Moreover, Danny Pearman, Tech's tight ends and tackles coach, has been linked to an opening at Clemson, his alma mater. If either leaves, former Kecoughtan and Heritage High coach Curt Newsome, now assistant head coach at James Madison, could move to Blacksburg.
Begin to address these concerns and then Beamer gets to ponder a 2006 season without Marcus Vick.
David Teel can be reached at 247-4636 or by e-mail at firstname.lastname@example.org «
Copyright © 2006, Daily Press
"Poo" don't know sh*t!
The "Are You Marcus Vick?" Quiz
Vick needs to do what every real man faces: to get down on his knees and open his heart up to the Lord, acknowledge his need for a Savior and Lord and ask Christ Jesus to do a work in him. We've all come to that point once or more and had to make a decision. For Vick, it's decision time. God bless him.
Is he talking about Vick or Teddy Kennedy?
I'd call a punk kid who waves a gun at a bunch of teenagers at a McDonalds a thug without hesitation. I don't know what others might construe it to mean, but it fits Vicks behavior this past month or two.
Dustbin city, baby.
Kevin Rogers left the Hokies this week to go work for the Minnesota Vikings. I'm not sure I'd want to be the VT quarterbacks coach this coming season, either.
Well, Mr. "Poo", he may not be a monster, but he is a turd...
What a thoughtful comment. Advice Vick should take. I just do not think he is prepared to hear that at this point in his life.
I thought the word "thug" was being pretty mild. What is the other meaning of the word beside the obvious one?
Awww...boo-hoo "Poo". Watcha gonna do when Vick pops a cap in you?
That is exactly what I am saying.
just watch some of the threads that go on.
One guy started out saying "thug" but then graduated to calling him a NWA....he's been banned.
Just because he isn't a monster doesn't mean he isn't a total idiot.
Is it NorthWestAirlines.
it was a rap group which this individual was stretching to enclose Marcus Vick.
The problem is, the group had broken up before Marcus Vick was in Kindergarten....
Can we call him a punk?
punk, criminal, child-rapist, druggie sure...
But others have taken the word "thug" and made it mean something else I'm afraid....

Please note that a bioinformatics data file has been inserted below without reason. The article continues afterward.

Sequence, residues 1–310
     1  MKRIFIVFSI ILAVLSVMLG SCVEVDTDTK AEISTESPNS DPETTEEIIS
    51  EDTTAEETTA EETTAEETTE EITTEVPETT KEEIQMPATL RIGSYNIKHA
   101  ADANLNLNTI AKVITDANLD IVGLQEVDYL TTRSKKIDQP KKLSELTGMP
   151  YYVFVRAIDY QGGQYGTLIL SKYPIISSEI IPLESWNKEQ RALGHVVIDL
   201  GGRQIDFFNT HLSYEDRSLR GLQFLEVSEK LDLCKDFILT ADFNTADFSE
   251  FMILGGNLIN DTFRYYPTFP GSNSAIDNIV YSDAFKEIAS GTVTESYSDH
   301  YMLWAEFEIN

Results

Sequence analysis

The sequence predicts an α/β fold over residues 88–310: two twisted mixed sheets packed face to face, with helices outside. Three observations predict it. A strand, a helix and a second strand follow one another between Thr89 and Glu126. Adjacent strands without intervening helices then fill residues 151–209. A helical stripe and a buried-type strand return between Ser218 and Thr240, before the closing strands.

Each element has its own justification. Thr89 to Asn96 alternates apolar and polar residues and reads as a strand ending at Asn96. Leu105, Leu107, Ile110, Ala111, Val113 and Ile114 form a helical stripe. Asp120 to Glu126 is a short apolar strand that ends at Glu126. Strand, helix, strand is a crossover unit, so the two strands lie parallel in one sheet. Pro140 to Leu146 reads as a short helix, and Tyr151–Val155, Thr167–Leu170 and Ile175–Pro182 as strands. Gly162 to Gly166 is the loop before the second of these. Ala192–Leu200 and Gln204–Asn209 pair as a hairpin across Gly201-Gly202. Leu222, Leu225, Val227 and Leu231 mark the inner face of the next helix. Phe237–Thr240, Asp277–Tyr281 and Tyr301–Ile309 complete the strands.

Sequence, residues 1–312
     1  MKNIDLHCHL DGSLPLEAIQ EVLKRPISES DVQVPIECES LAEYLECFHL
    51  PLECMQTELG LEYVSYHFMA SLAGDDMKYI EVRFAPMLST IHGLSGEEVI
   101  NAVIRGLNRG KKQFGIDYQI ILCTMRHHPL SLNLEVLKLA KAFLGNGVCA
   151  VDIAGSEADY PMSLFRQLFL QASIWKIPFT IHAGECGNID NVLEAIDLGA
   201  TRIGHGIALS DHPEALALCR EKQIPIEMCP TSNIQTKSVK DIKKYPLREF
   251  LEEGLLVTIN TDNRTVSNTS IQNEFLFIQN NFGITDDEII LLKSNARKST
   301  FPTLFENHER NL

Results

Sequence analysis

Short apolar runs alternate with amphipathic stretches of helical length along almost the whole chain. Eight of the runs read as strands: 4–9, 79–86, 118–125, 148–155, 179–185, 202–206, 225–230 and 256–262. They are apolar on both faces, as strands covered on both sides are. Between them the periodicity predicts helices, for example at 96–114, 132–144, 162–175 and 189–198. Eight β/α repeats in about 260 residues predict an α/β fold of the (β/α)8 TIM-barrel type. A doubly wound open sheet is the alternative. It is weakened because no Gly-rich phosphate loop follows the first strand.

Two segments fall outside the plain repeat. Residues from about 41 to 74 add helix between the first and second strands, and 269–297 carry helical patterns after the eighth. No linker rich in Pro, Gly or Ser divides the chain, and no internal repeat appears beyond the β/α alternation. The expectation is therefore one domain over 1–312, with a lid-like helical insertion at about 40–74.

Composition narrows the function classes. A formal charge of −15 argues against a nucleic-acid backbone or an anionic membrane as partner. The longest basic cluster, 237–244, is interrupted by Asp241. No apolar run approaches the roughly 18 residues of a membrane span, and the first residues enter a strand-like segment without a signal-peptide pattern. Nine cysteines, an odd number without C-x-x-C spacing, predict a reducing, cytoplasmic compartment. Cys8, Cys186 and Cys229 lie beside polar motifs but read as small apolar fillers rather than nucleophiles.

OK, got it, and it was news to me as I use that term quite a bit with regards to Tookie and Allen on the death penalty issue.
Vick is a lot of things. None pretty and frankly and I will say it a sad way to end a football career.
I say that because, until he get's his act together, works out his legal woes, learns not to be a "punk" nobody should touch him. If they do, he will be a bench warmer for many years. Years of proving himself to his fellow mates.
Actually punk works for the likes of Vick, but would not work for Tookie or Allen.
I tell you what though, assuming he is out of jail and assuming he actually makes it to the combine, I get the feeling that someone, in the late rounds of the draft, will take a flyer on him.....
But he needed another year in college anyway. Figure that year in college would be 2 in the NFL, plus the normal rookie/young player development rate (those not named Rothliesberger aside) is another 2-3 years.
So it's at least 5 years before I think he could be a servicable QB in the NFL. Now whether he can stay out of trouble for that long might constitute a minor miracle.
His brother, a talented QB in his own right, some even think Marcus is better, left Tech early.
He signed with Atlanta and really sat on the bench a majority of the first year than of course he has his injury but he had to pay his dues. Tough when you decide to go pro early.
There are other's much more deserving who remained at school earning that slot.
Someone joked with me, saying if he is not picked up the ACLU and Jessie Jackson will come out screaming of how dare the NFL not pick him up, never mind Vick's history. Should he picked up, he should thank his lucky stars and sit down with older brother, get some advice and heed said advice. Folks can change, folks can learn, usually that is done in college but hey he might get that second chance with the NFL if only he will know how lucky he is if that happens.
je$$e doesn't have the balls to go after the NFL.
Tagliabue et. al would eat him for lunch.
As I had mentioned to MikeinIraq punk might be fitting for Vick and his age but a guy who brandished a gun is a thug.
Just as I use the term for Tookie, Allen, and their crimes against society.
He has to earn it.
That's his problem. Since he hasn't had to earn anything yet, given his brother's popularity and legacy, he's had everything handed to him on a silver platter.
Either he will mature and probably play in the NFL, or he will screw up to the point that he won't get out of jail until he's 50 or older.
A smart man learns from his own mistakes.
A wise man learns from the smart man's mistakes.
NWA is an early 90s rap group. It stands for "Ni---rs With Attitude." Apparently the term "NWA" is now being used as a racial slur.
If you're being mentored by a guy with the nickname "Poo," how successful can you expect to be?